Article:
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Old Feb 10, '11, 12:56 pm
planetz7 planetz7 is offline
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Join Date: February 10, 2011
Posts: 1
Religion: Catholic... I think?!
Default Am I a Catholic if I'm not sorry I flouted Catholic morality?

I could go into a lot of detail, but I will get straight to the point of my post. I am a born and raised Catholic but have a few major disagreements with the Catholic religion. I am supposed to be sorry for this but I definitely am not. Does this make me a bad Catholic or does it mean I should not call myself a Catholic at all?

The Catholic Church is the only place I could ever imagine calling my faith home, but in light of recent disagreements I have with it, I wonder if I can call myself a Catholic anymore. I look at political affiliations and can't think of very many people who back one group's belief 100% of the time. Is it the same with being a Catholic or is it all or nothing?

I'm posting because my wife and I had children through in vitro fertilization. Nothing else was for us. The Church looks at it as a mortal sin and feels I should be sorry for having our three little miracles. I will never be sorry for this and feel that if God didn't want us to have children through this method he wouldn't have allowed it.

Am I still a Catholic or should I no longer attend a Catholic church and simply become an "independent" Christian?

Last edited by Michelle Arnold; Feb 21, '11 at 10:12 am.
Old Feb 10, '11, 2:39 pm
Michelle Arnold's Avatar
Michelle Arnold Michelle Arnold is offline
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Join Date: May 3, 2004
Posts: 5,123
Religion: Catholic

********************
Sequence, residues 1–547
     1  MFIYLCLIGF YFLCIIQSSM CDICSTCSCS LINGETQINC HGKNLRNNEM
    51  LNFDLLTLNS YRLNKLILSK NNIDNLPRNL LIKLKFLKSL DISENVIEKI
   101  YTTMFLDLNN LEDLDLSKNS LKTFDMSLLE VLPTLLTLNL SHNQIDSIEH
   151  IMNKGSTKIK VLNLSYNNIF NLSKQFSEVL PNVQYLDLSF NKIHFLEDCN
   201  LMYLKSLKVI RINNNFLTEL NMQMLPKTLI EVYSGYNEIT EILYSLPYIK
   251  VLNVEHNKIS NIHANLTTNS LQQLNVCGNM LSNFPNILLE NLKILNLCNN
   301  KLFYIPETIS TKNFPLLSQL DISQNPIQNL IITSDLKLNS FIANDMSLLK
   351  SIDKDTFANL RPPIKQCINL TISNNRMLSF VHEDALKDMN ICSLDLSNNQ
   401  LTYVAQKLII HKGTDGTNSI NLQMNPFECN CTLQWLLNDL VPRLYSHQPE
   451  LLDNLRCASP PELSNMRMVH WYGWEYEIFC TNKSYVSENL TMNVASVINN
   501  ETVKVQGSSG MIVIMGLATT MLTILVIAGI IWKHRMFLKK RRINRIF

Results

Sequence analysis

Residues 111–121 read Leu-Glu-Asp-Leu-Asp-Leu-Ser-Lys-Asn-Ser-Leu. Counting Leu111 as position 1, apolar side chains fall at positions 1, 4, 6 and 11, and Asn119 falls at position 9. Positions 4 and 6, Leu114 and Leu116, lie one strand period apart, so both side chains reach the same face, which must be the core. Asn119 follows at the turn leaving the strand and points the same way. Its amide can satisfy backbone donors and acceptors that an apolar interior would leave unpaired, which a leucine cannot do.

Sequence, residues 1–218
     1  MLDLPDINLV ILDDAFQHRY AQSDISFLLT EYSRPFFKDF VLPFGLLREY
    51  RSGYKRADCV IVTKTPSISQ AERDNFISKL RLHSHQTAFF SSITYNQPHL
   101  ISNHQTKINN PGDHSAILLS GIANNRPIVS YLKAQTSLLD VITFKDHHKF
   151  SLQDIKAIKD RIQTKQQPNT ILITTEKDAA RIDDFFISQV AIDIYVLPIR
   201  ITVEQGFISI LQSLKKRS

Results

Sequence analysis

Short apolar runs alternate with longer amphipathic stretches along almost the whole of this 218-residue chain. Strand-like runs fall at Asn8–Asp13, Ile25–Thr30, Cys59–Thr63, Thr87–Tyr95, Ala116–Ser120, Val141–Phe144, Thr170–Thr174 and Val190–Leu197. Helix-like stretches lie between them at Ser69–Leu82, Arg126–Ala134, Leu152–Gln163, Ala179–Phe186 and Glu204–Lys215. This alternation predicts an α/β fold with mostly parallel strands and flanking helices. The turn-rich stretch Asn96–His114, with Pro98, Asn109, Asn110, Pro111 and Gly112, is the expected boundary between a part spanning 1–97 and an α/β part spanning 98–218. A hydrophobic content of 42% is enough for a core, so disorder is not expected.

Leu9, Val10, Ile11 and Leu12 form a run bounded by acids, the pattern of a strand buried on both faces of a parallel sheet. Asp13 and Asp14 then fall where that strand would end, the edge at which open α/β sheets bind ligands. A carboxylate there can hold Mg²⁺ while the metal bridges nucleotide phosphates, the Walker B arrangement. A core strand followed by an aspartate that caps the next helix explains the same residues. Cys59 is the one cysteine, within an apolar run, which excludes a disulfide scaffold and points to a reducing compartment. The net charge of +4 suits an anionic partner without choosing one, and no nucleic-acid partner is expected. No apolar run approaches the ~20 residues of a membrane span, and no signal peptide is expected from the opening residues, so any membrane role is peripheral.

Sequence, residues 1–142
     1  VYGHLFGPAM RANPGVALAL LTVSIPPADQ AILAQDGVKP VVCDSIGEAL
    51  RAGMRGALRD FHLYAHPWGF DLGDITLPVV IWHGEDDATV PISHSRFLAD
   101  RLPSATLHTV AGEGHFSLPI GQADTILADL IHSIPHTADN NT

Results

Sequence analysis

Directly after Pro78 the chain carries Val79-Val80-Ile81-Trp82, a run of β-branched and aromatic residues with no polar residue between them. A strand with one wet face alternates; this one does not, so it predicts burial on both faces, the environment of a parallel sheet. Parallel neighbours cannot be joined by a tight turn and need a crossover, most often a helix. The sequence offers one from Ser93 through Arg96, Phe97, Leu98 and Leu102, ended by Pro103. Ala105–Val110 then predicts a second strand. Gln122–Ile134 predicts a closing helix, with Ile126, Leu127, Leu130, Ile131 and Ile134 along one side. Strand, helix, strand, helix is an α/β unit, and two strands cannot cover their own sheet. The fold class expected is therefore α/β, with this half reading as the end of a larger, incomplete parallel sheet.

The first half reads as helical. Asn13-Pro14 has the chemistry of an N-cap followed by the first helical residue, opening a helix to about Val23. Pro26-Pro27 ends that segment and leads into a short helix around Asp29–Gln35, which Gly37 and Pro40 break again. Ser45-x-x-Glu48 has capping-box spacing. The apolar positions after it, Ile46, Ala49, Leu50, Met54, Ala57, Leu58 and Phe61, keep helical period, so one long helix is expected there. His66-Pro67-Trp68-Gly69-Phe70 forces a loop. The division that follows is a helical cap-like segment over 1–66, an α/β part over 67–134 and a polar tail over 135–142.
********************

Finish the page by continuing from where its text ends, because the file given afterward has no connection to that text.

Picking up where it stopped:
Default Re: Am I a Catholic if I'm not sorry I flouted Catholic morality?

The answer to your question is yes, you are still a Catholic given these circumstances. You have chosen to injure your communion with the Church through impenitence for what you know to be mortal sin, but that does not mean that you are not Catholic.

Perhaps you should be asking yourself some other questions: Why do you care if you're Catholic? Despite protests to the contrary, are you starting to feel uncomfortable with choosing to do something you know full well the Church doesn't allow? Have you ever given careful consideration to why the Church teaches that in vitro fertilization is a sin? Have you given thought to the idea that just because man can do something does not mean that God approves of it?

The Church has very serious reasons why it objects to in vitro fertilization, and many of those reasons concern the rights of children and not the desires of parents. The Church believes that children are a gift from God, so much so that they can never be considered something to which any other person has a right. The Church recognizes that married couples suffer greatly when infertility ends their dream of biological parenthood, but urges them to offer up their suffering and to find other moral, just ways to become parents or to live out spiritual mother- and fatherhood. Those who choose to ignore the Church and engage in such immoral means of procuring children can be restored to communion with the Church -- and the Church never condemns the innocent children born of such methods -- but they must be willing to acknowledge first that they were wrong.

Recommended reading:

Why are artificial methods of conception immoral?

Last edited by Therese Martin; Mar 11, '11 at 11:06 am.

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